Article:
Virtual Private Networks (VPNs) are the ideal way to protect your privacy and hide your location from snooping eyes on the internet. They are also essential if you are working from home and accessing company data following the COVID-19 pandemic. But as you may have noticed, this can come at the cost of a slower connection.
The good news is that there are various things you can do to fix this, and below you’ll find seven methods of speeding up your VPN.
Before you do anything, disconnect from your VPN and run a
broadband speed test to check what speed you’re currently getting. Then run it again when connected to the VPN to see if the problem really does lie with the VPN, or with your broadband provider. It pays to know roughly what speed you can expect from your un-cloaked connection so you can more quickly see if your VPN server is the issue in future.
If you’re using a free VPN or one that isn’t known for its great performance, then check out our recommendations for the
best VPN services. Our top picks include
1. Pick the fastest server
A VPN will route your data through one or more servers in order to hide your location to any outside observers. Some of these will perform better than others, so if you’re experiencing problems then it’s worth manually selecting an alternative.
In the VPN app there will usually be a list of servers. If you’re playing an online game then you’ll want to keep latency to a minimum, and this is best achieved by using one that is geographically near to you. If displayed, look for the lowest ping and choose that server.
PureVPN is one provider which shows ping – most don’t.
If you’re in the UK and the selected server is in Australia, then any game data will travel to there and back again before being displayed on your screen. This can cause lag, and therefore have a detrimental effect on response times.
If you’re using a VPN for watching Netflix, or general browsing, shouldn’t find distance to be an issue as ping time is more important for time-critical applications. But if you’re getting stuttering or buffering problems, that’s simply because the connection speed is too slow to stream the video at the selected quality. To fix it, try a different server if there are multiple servers in the country you need (such as the US), as the one you’re connected to could be overloaded with other users.
Remember if you’re using the VPN to circumvent regionally locked content then you’ll need to choose the country in which the service you’re viewing is based. So, for access to the
American version of Netflix you’ll need a server in the US.
2. Try a wired connection
A simple solution that’s always worth trying is to plug your laptop or PC directly into the router. This can bypass any performance issues that your Wi-Fi might be experiencing. Naturally, this isn’t an option if you’re using a phone or tablet.
3. Choose a different protocol
When using a VPN, data is encrypted by software. This add that security and privacy we were talking about, but does have an associated cost in terms of performance.
If you’re not using a VPN as a security measure, but instead for watching region-locked content, then reducing your encryption levels might help alleviate any bottlenecks in the system. Commonly used protocols are the OpenVPN or IKEv2/IPsec, but you could try other options such as L2TP/IPsec instead (avoid L2TP if possible for when security is important).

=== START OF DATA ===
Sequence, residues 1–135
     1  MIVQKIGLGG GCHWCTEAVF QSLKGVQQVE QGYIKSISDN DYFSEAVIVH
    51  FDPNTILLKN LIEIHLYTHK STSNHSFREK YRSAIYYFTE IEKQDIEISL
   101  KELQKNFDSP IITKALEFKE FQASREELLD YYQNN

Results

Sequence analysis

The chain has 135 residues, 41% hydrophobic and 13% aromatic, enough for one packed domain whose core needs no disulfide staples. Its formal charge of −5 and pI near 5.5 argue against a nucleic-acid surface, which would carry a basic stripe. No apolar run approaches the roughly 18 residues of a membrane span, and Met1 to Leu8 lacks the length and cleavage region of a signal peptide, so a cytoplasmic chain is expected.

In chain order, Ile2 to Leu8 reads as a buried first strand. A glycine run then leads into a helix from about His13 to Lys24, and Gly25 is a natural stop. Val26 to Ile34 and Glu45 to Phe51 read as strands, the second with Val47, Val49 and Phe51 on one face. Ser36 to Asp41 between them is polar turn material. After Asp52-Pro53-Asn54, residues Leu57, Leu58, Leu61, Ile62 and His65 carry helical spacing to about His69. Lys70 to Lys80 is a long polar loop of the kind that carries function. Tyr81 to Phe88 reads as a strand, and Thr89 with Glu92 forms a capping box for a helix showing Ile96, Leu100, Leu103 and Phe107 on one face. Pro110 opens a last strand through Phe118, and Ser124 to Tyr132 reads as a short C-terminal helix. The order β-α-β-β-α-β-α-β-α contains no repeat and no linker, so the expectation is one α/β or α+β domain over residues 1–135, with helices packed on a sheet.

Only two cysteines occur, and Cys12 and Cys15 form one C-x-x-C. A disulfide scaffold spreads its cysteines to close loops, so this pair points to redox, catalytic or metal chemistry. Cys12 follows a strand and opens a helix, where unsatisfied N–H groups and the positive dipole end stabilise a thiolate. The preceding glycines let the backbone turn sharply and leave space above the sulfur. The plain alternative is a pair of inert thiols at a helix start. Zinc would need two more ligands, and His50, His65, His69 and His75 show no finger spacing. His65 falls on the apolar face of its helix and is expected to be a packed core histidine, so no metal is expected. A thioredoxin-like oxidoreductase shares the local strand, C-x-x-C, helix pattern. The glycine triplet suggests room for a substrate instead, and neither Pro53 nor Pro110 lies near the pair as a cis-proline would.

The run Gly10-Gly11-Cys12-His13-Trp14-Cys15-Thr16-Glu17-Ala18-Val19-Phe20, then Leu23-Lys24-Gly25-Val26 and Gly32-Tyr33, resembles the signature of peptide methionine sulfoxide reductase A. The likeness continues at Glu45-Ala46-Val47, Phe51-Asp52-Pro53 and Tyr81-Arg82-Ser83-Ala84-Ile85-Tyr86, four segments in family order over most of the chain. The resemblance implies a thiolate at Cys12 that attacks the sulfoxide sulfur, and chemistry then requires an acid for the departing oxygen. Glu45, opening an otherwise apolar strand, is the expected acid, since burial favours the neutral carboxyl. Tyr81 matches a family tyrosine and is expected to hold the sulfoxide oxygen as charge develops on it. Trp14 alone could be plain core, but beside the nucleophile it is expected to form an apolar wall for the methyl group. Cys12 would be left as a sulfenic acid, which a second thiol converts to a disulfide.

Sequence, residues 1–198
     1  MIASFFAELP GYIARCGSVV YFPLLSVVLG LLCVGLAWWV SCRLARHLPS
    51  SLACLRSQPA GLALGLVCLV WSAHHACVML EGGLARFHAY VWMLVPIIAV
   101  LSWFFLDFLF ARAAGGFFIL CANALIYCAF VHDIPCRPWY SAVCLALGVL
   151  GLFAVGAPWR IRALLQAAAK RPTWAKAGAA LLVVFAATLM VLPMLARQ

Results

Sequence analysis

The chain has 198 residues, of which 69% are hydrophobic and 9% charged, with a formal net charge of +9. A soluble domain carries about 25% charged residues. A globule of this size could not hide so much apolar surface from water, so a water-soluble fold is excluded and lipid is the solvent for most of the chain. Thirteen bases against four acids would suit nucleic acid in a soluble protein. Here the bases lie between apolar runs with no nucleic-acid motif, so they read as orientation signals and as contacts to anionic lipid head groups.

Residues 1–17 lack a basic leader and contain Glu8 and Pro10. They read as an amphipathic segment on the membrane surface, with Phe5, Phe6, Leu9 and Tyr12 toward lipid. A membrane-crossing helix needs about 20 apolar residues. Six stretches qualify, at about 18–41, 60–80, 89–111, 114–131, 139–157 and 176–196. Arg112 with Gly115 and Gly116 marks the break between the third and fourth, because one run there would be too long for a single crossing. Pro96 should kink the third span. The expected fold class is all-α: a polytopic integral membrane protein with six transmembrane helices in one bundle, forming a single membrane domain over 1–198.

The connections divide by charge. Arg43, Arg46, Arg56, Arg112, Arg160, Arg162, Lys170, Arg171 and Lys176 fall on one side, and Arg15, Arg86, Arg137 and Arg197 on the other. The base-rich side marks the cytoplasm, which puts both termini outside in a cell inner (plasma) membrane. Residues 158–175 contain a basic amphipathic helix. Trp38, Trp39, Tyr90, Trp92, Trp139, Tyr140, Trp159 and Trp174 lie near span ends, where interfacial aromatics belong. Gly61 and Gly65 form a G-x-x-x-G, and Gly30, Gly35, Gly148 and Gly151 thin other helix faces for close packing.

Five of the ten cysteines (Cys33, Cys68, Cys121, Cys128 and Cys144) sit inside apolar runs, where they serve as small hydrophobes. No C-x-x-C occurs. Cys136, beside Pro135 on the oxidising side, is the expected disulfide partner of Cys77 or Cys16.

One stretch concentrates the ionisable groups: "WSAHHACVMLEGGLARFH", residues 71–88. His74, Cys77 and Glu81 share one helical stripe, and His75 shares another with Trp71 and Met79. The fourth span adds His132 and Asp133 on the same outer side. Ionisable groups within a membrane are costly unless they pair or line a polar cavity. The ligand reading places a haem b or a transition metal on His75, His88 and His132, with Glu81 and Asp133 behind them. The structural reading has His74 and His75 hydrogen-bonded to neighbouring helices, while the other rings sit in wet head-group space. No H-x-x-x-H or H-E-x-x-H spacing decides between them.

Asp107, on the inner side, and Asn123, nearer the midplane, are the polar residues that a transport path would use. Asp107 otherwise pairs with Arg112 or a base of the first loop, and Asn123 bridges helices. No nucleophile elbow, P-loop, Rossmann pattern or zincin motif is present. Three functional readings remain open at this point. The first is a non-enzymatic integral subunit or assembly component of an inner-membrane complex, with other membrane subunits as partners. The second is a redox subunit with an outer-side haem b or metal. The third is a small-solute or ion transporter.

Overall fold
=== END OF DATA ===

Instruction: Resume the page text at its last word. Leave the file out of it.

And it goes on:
The protocols on offer will vary between VPN providers and also which operating system you’re using, but dive into the settings and have a look. You can always change it back to the original or default setting if it makes no improvement.
4. Change the port
Alongside adjusting the protocol and security settings there’s also port selection to consider. When a VPN connects to the web it does so through a predetermined port. While this is usually fine, some networks can throttle or restrict the use of said port, which will in-turn cause you problems.
Take a look at the settings in your VPN and see if there is an option to alter the port it uses. If so, try opting for the one numbered 443, as this is a common fix for VPN speed issues linked to port selection.
5. Turn off your firewall and antivirus software
In much the same way as encryption can overload the amount of work your PC has to do to process data, antivirus and firewall settings can be a burden. If you’re really struggling with performance then you could try turning them off temporarily, and seeing if that improves your situation.
If this does fix the problem, you’ll want to look for an alterative package that doesn’t cause the problem. Don’t just run your PC without this software.
6. Reset your device
Finally, have you tried turning it off and on again? There’s a reason why that catchphrase from the IT Crowd has stuck around – because it’s often the easiest solution to many problems!
Try this on both your PC and router, or your phone or tablet, then hopefully you’ll see your bits run free across the digital Serengeti once more.
7. Change your VPN provider
A somewhat extreme option, but some VPN providers are faster than others. If the one you’re currently using isn’t fast enough for you, then consider switching to another. Do bear in mind, though, that VPN speeds will change depending on the time of day, day of the week and other factors (including server selection as we outlined in method 1). This is why it’s so difficult to test whether one VPN is faster than another.
It can also mean that if you just wait an hour or two and then try again, you might well find speeds improve. Admittedly, that advice isn’t much use if you’re trying to watch a video right now while you have time, but it is true.
Since quite a few VPN providers offer refunds or free trials, you can at least download their app, sign up and try out the service.
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